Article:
Having many predictors is not per sé a bad thing (although in some cases one must pay attention to the bias-variance trade off, especially when using parametric models containing many variables to fit the data); this said:
In general it is beneficial to perform descriptive statistics before starting any analysis: in particular one can:
calculate pairwise correlations among numerical variables; this gives an indication of whether or not some pairs of variables have a linear dependence between each other, which in turn can help sub-selecting the ones you want to use as predictors for the eventual model (to make a long story short if two variables are correlated you can replace the one with the other)
boxplot the response variable against categorical variables in your predictors, if any; this helps understanding how the responses are distributed within your classes and can help identify outliers
In python there a very straightforward way to visualise the above, namely using the seaborn library (specifically pairplot if you want to do it all at once). However, as mentioned, the limitation of the pairplots is that you will have no information about possible interactions among sets of variables themselves.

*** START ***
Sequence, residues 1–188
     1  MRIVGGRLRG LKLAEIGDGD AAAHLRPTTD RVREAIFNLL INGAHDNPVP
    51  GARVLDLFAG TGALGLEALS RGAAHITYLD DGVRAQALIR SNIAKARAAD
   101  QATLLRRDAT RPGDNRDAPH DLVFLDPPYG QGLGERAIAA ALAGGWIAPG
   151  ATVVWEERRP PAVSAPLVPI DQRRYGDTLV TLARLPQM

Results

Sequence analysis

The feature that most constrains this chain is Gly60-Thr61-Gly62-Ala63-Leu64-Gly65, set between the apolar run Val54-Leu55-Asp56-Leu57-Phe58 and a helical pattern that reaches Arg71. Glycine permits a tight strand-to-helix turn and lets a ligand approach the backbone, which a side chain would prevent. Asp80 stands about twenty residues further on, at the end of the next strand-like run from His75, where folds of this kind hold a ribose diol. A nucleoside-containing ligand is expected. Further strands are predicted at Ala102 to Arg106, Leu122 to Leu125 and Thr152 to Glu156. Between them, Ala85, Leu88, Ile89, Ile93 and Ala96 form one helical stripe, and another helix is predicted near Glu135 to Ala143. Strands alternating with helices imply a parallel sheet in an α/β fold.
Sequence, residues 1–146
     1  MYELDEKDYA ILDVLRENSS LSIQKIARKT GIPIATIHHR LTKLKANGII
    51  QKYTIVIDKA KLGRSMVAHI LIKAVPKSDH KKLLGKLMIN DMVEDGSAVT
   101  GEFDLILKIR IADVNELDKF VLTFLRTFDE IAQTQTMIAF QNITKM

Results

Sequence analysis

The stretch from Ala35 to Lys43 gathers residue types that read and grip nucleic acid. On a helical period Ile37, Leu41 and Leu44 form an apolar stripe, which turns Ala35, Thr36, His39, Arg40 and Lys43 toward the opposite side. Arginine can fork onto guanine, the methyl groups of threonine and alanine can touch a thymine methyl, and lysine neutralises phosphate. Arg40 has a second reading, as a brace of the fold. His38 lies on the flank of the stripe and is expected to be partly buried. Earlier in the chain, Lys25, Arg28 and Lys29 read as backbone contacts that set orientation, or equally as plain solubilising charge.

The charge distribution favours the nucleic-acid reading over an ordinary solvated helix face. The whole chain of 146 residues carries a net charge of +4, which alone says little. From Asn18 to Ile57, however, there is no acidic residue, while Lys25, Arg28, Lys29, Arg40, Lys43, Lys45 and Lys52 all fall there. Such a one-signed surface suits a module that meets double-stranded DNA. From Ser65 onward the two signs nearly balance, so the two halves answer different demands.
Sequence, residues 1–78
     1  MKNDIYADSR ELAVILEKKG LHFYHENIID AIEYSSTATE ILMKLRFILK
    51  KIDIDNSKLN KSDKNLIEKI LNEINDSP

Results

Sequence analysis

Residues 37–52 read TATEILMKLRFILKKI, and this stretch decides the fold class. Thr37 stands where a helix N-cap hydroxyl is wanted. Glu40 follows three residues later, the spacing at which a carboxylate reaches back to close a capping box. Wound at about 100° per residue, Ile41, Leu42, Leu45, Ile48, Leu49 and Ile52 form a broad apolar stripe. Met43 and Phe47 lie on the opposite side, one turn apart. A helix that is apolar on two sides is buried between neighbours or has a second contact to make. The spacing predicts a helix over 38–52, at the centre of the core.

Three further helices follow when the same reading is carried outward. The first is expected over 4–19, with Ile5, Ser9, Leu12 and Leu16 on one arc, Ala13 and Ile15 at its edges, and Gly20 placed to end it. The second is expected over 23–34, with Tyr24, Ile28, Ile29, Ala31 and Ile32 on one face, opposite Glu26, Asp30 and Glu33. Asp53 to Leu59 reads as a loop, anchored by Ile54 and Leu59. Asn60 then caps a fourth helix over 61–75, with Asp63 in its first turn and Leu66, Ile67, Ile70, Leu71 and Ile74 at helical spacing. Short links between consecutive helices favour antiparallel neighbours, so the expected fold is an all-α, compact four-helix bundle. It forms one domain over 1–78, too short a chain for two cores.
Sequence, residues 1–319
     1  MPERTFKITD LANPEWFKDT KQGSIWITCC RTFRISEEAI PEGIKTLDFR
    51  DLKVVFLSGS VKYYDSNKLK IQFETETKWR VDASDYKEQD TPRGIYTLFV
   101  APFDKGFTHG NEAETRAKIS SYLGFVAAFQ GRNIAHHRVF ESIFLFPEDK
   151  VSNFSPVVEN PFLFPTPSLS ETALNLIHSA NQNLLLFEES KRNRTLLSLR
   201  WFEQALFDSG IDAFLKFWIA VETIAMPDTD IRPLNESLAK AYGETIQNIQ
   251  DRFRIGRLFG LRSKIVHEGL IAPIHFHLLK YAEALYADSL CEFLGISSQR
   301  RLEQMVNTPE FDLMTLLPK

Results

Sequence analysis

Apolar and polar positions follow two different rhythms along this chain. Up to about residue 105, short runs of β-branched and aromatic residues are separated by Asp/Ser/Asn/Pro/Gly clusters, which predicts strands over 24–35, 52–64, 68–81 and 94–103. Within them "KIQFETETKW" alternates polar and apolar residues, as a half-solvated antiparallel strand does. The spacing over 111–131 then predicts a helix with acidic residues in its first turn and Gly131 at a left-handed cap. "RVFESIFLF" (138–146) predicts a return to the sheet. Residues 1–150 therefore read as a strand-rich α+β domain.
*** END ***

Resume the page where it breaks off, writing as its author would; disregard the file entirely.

There is really no general rule to guess what model may fit the data the best. If you have good reasons to believe that the decision boundaries are linear then one may try more or less complicated polynomial fits (by including possible interactions or higher order terms), eventually performing backward/forward variables selections (that is, adding/removing one variable at a time, usually the least significant one, to see whether the goodness of the fit changes - notice that in this case the coefficients of your variables will of course change).
If not, one must move towards non-linear models like support vector machines, nearest neighbours, neural networks or ensemble methods, like the whole category of random forests and the like.